In my 98 Ford Ranger, 4 cyl. manual, was driving up a 6% grade on the freeway, about 60mph for about ten minutes when i reached the top and began on a downhill grade. i let off the gas and put it in neutral to coast and then i looked down and it had stalled in neutral. i put it in gear to jump start it, it wouldn’t fire back up. so i pulled to the shoulder. it wouldn’t key start either. towed to mechanic, code read cam sensor. he also did a comp test and # 2 and 3 cyl were lacking comp. so the mechanic thinks the lack of comp is more serious than just the cam sensor, he thinks it might be the head. so my question is, can the cam sensor get far enough out of time so there would be no comp? or do you think the mechanic was right? thanks for your help
Hmm. Stall on deceleration. No signal from cam sensor. No compression in 2 cylinders. I think the timing belt is busticated.
yeah, i know, thanks for your input. i did mention that to the mechanic but he said not likely cause it would have thrown that code, that the belt skipped a couple of teeth. i thought the same as you asemaster. and the mechanic said chain not belt, i think it is a belt though
and would a broken belt throw that code? cam sensor? thanks for the help everyone
Fault codes are irrelevant on a car that primitive with an engine design that dates to the early 1970’s. It should take less than 2 minutes to verify timing belt skipped or broken or properly timed by using the marks on the crankshaft pulley and the cam sprocket. Have your mechanic check that first.
I assume he has verified good spark, fuel pressure, and fuel injector operation.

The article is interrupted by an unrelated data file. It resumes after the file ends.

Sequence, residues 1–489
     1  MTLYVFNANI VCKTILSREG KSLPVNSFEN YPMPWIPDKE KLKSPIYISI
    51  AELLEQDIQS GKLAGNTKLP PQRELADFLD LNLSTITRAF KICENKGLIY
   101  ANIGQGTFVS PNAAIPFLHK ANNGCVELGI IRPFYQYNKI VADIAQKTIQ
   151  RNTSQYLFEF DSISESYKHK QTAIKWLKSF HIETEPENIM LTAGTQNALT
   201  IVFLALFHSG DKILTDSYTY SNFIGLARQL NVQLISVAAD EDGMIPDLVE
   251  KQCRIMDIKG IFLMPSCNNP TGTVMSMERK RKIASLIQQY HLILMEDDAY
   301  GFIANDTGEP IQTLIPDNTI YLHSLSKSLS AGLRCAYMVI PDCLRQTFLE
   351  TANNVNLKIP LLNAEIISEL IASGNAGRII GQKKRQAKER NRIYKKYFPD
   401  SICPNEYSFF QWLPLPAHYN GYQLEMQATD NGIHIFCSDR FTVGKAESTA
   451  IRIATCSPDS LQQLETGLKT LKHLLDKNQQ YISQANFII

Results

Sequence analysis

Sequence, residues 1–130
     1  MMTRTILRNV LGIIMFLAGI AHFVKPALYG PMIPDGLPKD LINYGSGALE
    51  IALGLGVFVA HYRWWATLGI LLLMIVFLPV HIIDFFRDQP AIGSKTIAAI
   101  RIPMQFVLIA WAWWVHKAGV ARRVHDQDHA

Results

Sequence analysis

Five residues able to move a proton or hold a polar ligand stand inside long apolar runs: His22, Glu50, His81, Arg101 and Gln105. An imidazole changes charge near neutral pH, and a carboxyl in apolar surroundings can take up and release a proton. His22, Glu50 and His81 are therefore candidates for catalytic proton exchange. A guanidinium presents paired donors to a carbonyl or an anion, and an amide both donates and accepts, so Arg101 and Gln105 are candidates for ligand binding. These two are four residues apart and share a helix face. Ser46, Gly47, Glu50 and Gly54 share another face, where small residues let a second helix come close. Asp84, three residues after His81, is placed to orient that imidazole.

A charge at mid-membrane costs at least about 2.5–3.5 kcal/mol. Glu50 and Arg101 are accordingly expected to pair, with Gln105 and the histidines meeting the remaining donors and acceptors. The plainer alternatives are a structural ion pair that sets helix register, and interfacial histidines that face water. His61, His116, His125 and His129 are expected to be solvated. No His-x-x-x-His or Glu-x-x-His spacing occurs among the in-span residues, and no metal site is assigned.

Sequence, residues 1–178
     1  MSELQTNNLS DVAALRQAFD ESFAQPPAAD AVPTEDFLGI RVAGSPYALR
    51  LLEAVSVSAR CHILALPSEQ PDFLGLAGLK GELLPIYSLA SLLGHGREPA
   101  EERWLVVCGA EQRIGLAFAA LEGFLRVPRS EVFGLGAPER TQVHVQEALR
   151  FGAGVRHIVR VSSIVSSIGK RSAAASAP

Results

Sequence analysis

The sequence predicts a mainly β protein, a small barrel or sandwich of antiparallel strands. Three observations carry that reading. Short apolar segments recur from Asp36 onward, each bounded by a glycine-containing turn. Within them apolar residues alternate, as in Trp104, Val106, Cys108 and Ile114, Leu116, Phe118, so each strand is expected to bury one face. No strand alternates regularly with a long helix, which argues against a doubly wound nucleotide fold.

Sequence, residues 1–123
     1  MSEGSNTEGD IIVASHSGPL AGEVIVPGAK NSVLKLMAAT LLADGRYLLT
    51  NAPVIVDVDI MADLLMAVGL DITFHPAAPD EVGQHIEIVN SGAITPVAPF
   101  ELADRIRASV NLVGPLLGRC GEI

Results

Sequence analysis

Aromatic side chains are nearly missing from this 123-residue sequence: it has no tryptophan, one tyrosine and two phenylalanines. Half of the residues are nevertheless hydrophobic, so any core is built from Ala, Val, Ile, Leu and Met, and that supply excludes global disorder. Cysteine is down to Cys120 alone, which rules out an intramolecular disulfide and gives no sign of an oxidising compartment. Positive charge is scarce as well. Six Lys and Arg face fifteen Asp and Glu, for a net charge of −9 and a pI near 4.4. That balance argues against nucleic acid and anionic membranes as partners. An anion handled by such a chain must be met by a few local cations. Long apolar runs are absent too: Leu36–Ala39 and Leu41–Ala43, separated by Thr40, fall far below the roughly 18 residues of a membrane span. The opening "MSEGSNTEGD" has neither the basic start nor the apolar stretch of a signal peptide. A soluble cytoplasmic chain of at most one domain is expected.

No experience w/cam code diagnosis, but it seems like a cam sensor code could be thrown if the timing belt (or chain) broke. The computer would see the crank sensor showing the crankshaft rotating as expected, but no reading on the cam sensor. The most common cause of that would be the cam sensor has failed, but the cam sensor could be working perfectly and there’d be no reading from it if the timing belt broke.
Get to the bottom line. Remove the distributor cap and see if the rotor turns when the starter motor turns the crankshaft. My guess is that it won’t.
Post the results.
On my Corolla at least you can see the camshaft gears through the oil fill port. That might be an option too for the OPer.
I might be inclined to not do this though without an expert looking at it first, for fear of damaging the valves during the experiment. I mean in case the OP got lucky and didn’t damage the valves when it initially happened.
Distributor? Rotor? How quaint…
TSM, this engine is the 4 cylinder with 8 spark plugs and 2 coil packs. I believe that since this is the EDIS system and uses a waste spark system the engine should start and run without a cam sensor.
Line up the timing marks on the crank pulley, pull the rubber inspection plug out of the timing cover using your fingernail, and see if the marks line up. If not, turn the engine one revolution and look again. It’s a simple yes/no test.
thanks for all of your suggestions! I appreciate the help, i will work on these and let you know what i can find out .
The earlier Rangers were non-intereference engines. Unfortunately, I think yours is not. That means cylinder head valve damage and some nicked pistons.
Ase, I sincerely thank you for enlightening me on this engine design. I appreciate the education.
that mazda engine is not an interference engine, correct?
It’s not a Mazda engine. It’s the last iteration of the old Pinto engine. And it’s non-interference.
Don’t be so formal TSM. We’re just a bunch of people talking about car problems. We don’t need no stinkin’ education.
Did the mechanic say the cylinders were low in compression, or no compression? How low is low? If you’re keeping the truck, I’d put a cam sensor in it, see if it starts, and see how it runs, then go from there.
I am leaning towards a head gasket failing between the #2 & 3 cylinders. That makes sense for it being low on only 2 cylinders. If the chain had jumped or stretched compression would be consistent on all cylinders.
LOL, you may not ase, but I can ALWAYS use more!
If compression is just low, not zero, I think it’s just the sensor.
Just happened to fail from the vibration/tug when shifted to neutral.
Check the sensor with and ohmmeter, it’s just a coil. Inspect the electrical connector.
@“the same mountainbike” Ha! We all can. The day a guy figures he has nothing more to learn is the day he becomes irrelevant.